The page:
Use of Fly Ash as Fertilizer Draws Flak From Environmentalists

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Tribune News Service

FARIDKOT: For many years, fly ash from the thermal plants has been used for cement production. But now, with the steep rise in the price of chemical fertilizers, the claim by soil scientists of having developed a technique to use fly ash as a substitute for chemical fertilizers may create a buzz.

However, this claim of soil scientists at the Indira Gandhi Krishi Vishwavidyala (IGKV), Raipur, has been countered by the environmentalists and social scientists in Punjab who are of the view that the use of this highly toxic thermal plant waste will add to the toxic contents in the food chain.

Fly ash, a mineral residue resulting from the combustion of powdered coal in thermal plants, is mainly used for cement production in the region because of its low cost. Fly ash can replace up to 50 per cent of Portland cement by mass and it is less expensive than cement.

Now, when there has been a high rise in the price of chemical fertilizers, particularly the DAP (a highly concentrated nitrogen-phosphorus fertilizer), from Rs 467.50 in October 2011 to Rs 1,275 in October 2012 (for every 50 kg), soil scientists at the IGKV claimed to have developed a technique to improve the soil quality and production of various crops, fruits and vegetable by using fly ash.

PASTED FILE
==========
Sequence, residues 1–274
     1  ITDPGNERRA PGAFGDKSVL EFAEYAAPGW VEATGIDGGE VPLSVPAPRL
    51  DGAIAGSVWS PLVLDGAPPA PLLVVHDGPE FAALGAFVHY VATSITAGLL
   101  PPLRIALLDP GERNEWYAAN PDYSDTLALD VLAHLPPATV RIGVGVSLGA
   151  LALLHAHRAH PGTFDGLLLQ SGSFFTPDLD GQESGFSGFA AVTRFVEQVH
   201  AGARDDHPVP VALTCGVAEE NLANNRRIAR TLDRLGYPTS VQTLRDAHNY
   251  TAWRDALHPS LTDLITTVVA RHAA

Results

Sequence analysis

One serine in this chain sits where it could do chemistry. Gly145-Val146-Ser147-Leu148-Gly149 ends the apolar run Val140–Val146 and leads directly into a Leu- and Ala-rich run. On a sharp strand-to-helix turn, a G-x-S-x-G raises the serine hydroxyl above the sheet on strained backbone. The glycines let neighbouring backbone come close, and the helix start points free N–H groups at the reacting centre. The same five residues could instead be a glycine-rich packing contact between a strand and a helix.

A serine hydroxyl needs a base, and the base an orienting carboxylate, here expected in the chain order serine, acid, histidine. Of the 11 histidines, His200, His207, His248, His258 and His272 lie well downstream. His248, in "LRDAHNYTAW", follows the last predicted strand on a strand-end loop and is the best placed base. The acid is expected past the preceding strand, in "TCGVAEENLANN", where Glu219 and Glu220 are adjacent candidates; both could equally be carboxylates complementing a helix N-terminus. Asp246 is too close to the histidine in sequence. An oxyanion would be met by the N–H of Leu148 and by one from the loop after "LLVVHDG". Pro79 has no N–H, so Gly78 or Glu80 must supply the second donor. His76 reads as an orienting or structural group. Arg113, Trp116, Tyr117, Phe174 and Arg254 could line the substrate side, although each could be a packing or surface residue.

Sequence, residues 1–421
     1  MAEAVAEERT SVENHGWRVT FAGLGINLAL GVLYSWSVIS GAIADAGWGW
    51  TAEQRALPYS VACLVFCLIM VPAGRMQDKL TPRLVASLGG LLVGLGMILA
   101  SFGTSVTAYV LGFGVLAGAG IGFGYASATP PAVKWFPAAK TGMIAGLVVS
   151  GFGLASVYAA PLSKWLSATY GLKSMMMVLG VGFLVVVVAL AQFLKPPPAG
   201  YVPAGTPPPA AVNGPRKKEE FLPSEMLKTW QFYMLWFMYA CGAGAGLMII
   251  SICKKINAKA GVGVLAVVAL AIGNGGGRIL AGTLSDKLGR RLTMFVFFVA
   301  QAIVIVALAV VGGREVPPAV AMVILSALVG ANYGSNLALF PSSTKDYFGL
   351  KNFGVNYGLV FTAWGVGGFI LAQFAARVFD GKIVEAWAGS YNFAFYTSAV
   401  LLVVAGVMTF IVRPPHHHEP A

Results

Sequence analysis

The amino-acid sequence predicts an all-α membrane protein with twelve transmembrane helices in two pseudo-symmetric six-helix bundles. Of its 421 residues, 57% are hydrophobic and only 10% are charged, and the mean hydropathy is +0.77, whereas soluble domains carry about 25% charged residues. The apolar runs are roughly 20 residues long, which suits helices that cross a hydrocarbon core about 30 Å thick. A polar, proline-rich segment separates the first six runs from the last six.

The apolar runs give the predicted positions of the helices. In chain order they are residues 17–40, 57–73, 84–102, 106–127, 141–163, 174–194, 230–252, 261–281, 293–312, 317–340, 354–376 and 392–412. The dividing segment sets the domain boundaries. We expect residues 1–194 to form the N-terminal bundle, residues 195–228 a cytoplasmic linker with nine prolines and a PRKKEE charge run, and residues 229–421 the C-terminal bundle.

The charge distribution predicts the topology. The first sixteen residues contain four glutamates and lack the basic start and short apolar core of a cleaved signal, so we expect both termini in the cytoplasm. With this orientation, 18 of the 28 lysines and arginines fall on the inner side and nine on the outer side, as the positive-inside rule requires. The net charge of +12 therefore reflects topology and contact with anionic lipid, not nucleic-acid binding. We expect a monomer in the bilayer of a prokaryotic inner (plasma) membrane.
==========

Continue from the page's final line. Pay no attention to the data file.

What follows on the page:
Besides resolving the storage problem of fly ash, its agricultural use will also increase production manifold, claimed Dr KK Sahu, principal scientist at IGKV.

Application of fly ash in farming will prove to be a boon for farmers in Chhattisgarh because its use in the field helps to lower the acidic nature of the soil. “Fly ash contains various nutrients to nourish the plants. It not only improves soil quality but also acts as fertilizer,” said Sahu.

After this claim by the IGKV, the National Thermal Power Corporation (NTPC), Korba, in Chhattisgarh started providing fly ash free of cost to the farmers and also organised a day-long farmers’ fair,” said Dr Sahu.

Countering this claim, Dr GS Dhillon, a former chief engineer in the irrigation department and a noted environmentalist, said the fly ash contain heavy metals like mercury, cadmium as well as arsenic and radioactive materials, albeit in different concentrations.

At a time when Punjab is already facing the problem of cancer due to high use of chemical and fertilizers in agriculture, toying with the of using fly ash as an fertilizer would further worsen the problem, said Dr Amar Singh Azad, a noted environmentalist and paediatrician.

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